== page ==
Jay Faison is an advocate of “conservative clean energy solutions” to tackle climate change. He founded the nonprofit organization called ClearPath, which promotes Republican-oriented climate solutions. He also founded the company SnapAV.
Jay Faison is a businessman, environmentalist and major contributor to the Republican Party who founded ClearPath in 2013, which is an organization that he says uses conservative principles to promote clean energy innovation. He was the founder and CEO of SnapAV, a supplier in the custom audio video industry, designing and distributing about 2,000 products. 
Faison took the $175 million from his sale of the company to start ClearPath to promote solutions to climate change. 
“As a conservative, I strongly believe it’s time to stop fighting about the climate problem and begin fighting about the solutions,” Faison asserted upon establishing the nonprofit. “If conservatives fail to put forward our own agenda, climate change policy will likely go the way of health care—the Democrats owned the answers, and we ended up with Obamacare.” 
Faison has been listed in Politico’s top 50 people influencing politics. He is the chairman of the American Flood Coalition, and a member of the Nuclear Energy Advisory Council.
A native of North Carolina, he earned a BA in economics from the University of North Carolina Chapel Hill, and earned an MBA from the University of Virginia. 
Faison is the son of North Carolina real estate developer Henry Faison. The younger Faison said, “Working in the real estate business with my father I saw how crazy environmentalists can be.” 
Faison determined any long-term climate change policy would have to be reached on a bipartisan basis, so he launched a social media campaign trying to convince Republicans to worry about climate change. He later admitted the campaign was a waste of time and money and came across as preaching. Still, Faison has said there is an opening for “conservative clean energy solutions.” This comes through innovation instead of regulation, Faison said. He also said use of natural gas is key to reducing carbon emissions.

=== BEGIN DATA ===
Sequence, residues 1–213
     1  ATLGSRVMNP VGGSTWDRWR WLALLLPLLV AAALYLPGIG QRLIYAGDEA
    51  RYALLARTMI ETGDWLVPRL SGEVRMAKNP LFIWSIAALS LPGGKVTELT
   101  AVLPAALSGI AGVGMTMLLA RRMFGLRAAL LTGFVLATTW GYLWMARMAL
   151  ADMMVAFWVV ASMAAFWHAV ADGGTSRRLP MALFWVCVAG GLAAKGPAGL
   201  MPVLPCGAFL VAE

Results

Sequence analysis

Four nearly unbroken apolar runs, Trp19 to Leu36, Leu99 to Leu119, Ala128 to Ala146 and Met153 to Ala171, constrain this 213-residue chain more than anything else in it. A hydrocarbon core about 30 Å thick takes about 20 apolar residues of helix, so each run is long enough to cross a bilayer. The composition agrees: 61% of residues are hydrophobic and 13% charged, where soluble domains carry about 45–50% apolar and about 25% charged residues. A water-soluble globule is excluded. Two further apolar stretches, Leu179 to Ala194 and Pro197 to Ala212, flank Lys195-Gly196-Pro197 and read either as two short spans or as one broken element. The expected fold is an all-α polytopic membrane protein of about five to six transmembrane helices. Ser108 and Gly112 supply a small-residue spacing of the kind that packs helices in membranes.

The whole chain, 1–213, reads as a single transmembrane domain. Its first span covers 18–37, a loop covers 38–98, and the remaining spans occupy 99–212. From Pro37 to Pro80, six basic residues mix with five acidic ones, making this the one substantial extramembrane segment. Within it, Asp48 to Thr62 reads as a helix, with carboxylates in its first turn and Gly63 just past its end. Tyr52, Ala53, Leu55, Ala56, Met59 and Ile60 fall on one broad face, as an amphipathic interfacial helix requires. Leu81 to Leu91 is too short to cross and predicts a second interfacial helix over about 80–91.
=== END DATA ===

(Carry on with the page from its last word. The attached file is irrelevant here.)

Faison is a firm believer that human-made climate change is a serious problem that requires action.  He has written, “Climate change is real and industrial activity around the globe is contributing to it. … Any real progress in addressing climate change, especially in divided government, will depend on a realistic agenda built on pushing better technologies around the world that can expand quickly and affordably, give us a balanced mix of low carbon sources, perform better, and are cheaper than the alternatives, so that the rapidly developing world chooses them instead of more emitting technologies.” 
Faison came out strongly against the Green New Deal in a Fox News op-ed in March 2019, asserting, “It is neither technologically nor politically feasible and doesn’t solve for the fact that global emissions are rising because of China, India and other rapidly-developing nations.”  Faison was also a strong critic of the Obama administration’s Clean Power Plan. 
He continued in the Fox News piece:
In 2016, Faison and Alaska Sen. Lisa Murkowski wrote a New York Times op-ed titled “Stop Wasting America’s Hydropower Potential.” They wrote, “For instance, only 3 percent of the nation’s 80,000 dams now produce electricity. Electrifying just the 100 top impoundments—primarily locks and dams on the Ohio, Mississippi, Alabama and Arkansas Rivers that are operated by the Army Corps of Engineers—would generate enough electricity for nearly three million more homes.” 
Faison describes himself as a “fiscal conservative,” and a “nondenominational Christian.” At different points in the 2016 presidential cycle, Faison supported Lindsey Graham and Jeb Bush. He also contributed to the 2016 campaigns of Republican Sens. Rob Portman of Ohio, Kelly Ayotte of New Hampshire, and Senate Majority Leader Mitch McConnell of Kentucky. He also backed Rep. Elise Stefanik of New York. 
His political action committee in 2018 contributed to Republican Reps. Carlos Curbelo of Florida, Steve Knight of California, Scott Taylor of Virginia, Brian Mast of Florida, Thomas Reed of New York, Fred Upton of Michigan, and Erik Paulsen of Minnesota. His PAC also funded the Senate campaigns of Dean Heller of Nevada and Martha McSally of Arizona.